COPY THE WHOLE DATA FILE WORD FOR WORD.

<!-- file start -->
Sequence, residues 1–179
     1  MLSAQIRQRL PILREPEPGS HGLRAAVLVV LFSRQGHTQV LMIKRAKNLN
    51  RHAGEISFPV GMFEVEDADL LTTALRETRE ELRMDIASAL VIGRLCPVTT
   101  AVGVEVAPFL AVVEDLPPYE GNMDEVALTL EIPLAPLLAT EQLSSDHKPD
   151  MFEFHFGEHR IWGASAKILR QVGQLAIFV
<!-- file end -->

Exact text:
Sequence, residues 1–179
     1  MLSAQIRQRL PILREPEPGS HGLRAAVLVV LFSRQGHTQV LMIKRAKNLN
    51  RHAGEISFPV GMFEVEDADL LTTALRETRE ELRMDIASAL VIGRLCPVTT
   101  AVGVEVAPFL AVVEDLPPYE GNMDEVALTL EIPLAPLLAT EQLSSDHKPD
   151  MFEFHFGEHR IWGASAKILR QVGQLAIFV